And VWEAX is a conservative junk bond fund.

But this is not really about the handful of new ETFs that are short interest rate risk and long credit risk. This is about seemingly ordinary mutual funds doing the same thing. And who knows how many more secretive hedge funds are doing the same, only also using massive amounts of leverage.

I beheld the wretch — the miserable monster whom I had created.

Mutual fund marketers are no slouches when it comes to selling low-duration funds. If you look closely at our mutual fund universe distribution chart, you’ll see a surprising number of large funds below a zero duration. They achieve this negative duration by shorting, as described above. 

A sampling:

Fund Assets Dur. Yield Qual.
PIMCO Unconstrained Bond I (PFIUX) $8.5B -0.7 3.36% BBB
Putnam Diversified Income A (PDINX) $5.9B -2.0 3.97% BB
Scout Unconstrained Bond I (SUBFX) $1.8B -1.3 0.72% BBB
Putnam Absolute Return 300 A (PTRNX) $1.0B -1.17 3.60% BB
Janus Global Unconstrained Bond (JUCTX) $1.5B -0.55 0.50% BBB

I guess an ”Unconstrained” bond fund should be able to do what it pleases, but shouldn’t a “diversified income” fund with a diversity of bonds have a positive duration, since that’s what bonds have? When you buy an XYZ Growth Stock fund, you wouldn’t expect a negative beta if the manager decided to net short S&P 500 futures and be long say small cap stocks . A negative duration is a very specific interest rate bet. Putnam Interest Rate Speculation and Income would be a more suitable name. If that bet goes south, don’t come crying to us about how you expected a diversified bond portfolio.

Templeton Global Bond A (TPINX), the world’s third largest bond fund with $58 billion in assets, has a duration of zero. I can’t imagine ordinary 401(k) investors, stuck with few bond fund choices, are expecting such a creation or understand the risks. 

Naturally, the fund managers at Templeton (and these other funds) have no issue with credit risk, as we saw in late 2014 when the Ukraine bonds in the portfolio fell 30% in value, hitting the fund for nearly a billion dollars. In 2008, when the credit crisis hit the dramatically widening spread between high-risk and low-risk debt, yields sent Putnam Diversified Income A (PDINX) down by as much as 40% at one point.

If the low duration strategy won’t hurt you, the funds also often partake in an increasingly popular strategy with investors – hedging against currency risk. In an about-face, after a few good years for the greenback, investors stopped panicking about the U.S. dollar and started worrying about Europe’s collapse.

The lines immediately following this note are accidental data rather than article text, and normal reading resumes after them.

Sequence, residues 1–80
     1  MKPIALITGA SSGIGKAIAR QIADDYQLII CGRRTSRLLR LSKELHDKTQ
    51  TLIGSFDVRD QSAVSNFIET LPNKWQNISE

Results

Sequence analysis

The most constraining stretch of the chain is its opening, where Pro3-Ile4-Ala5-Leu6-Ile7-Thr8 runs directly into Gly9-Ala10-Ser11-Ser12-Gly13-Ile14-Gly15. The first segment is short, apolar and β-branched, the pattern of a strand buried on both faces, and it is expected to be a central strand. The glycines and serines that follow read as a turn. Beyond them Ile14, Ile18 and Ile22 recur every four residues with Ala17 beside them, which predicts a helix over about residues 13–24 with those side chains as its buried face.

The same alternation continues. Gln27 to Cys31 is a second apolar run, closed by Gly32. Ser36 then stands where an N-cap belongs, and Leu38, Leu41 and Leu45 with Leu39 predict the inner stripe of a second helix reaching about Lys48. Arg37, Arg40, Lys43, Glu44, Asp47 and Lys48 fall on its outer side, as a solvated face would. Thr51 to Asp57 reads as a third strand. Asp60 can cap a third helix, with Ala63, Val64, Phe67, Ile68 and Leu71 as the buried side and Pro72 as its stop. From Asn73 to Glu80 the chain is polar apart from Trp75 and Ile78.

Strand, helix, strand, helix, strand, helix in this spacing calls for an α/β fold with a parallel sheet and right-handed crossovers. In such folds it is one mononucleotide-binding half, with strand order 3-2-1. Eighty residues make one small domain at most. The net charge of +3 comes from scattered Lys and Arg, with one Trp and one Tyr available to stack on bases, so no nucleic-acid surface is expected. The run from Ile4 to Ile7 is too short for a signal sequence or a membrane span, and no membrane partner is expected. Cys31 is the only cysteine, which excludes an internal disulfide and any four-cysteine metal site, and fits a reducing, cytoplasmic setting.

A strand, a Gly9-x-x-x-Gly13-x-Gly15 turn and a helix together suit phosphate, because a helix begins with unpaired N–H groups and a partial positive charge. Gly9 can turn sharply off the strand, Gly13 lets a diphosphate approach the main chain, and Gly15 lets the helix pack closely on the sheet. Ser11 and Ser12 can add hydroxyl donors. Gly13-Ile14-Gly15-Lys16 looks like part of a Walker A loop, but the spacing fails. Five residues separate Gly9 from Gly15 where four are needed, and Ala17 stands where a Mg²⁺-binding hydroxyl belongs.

Never mind that the whole reason to own a “Global Bond Fund” is to own bonds and take on some interest rate risk while diversifying out of the U.S. dollar. Why is Templeton trying to turn the big fund into a short-duration, U.S. junk bond fund? 

There would be nothing scary about all these low-duration bond funds if most other large bond funds had very long durations, but as the chart shows, most of them are already largely avoiding interest rate risk. They’re protecting investors from a risk hardly anyone’s taking in bonds. There’s more money in funds with portfolios below a 2 duration than above a 7 duration! 

Rates are lower now than five years ago, but inflation is somewhat higher. It would have been better to be long duration in 2010 than today. But that doesn’t make today a good time to be heavy on credit risk and short interest rate risk. 

While yield and capital gains may now be lower, long and low bond funds almost always deserve a place in a portfolio, especially one with stock market risk. If assets start shifting more out on the yield curve, The Mutual Fund Industrial Complex starts launching funds short on high-risk credit and long treasuries, and investors start moving out on the yield curve, it may be time to reconsider. 

Don’t be a moth to the low-D yield flame. You can certainly lose money (and eventually will) in a low-fee, high/long duration and low-credit-risk fund, but investors will almost always lose more money in high-fee, low-duration, high-credit-risk funds. 

Importantly, the losses you realize in any number of these clever low-duration vehicles will almost always coincide with major losses in your stock portfolio, which begs the question:

Why bother in the first place? 

While there are scenarios where these new Low-D monsters might do well compared to longer-term traditional bond funds with interest rate risk, with yields only around the dividend yields of the stock market (which grow over time) and recession downside risk about the same as the stock market, they don’t compare favorably to stock funds, traditional bond funds, or a mixture of the two.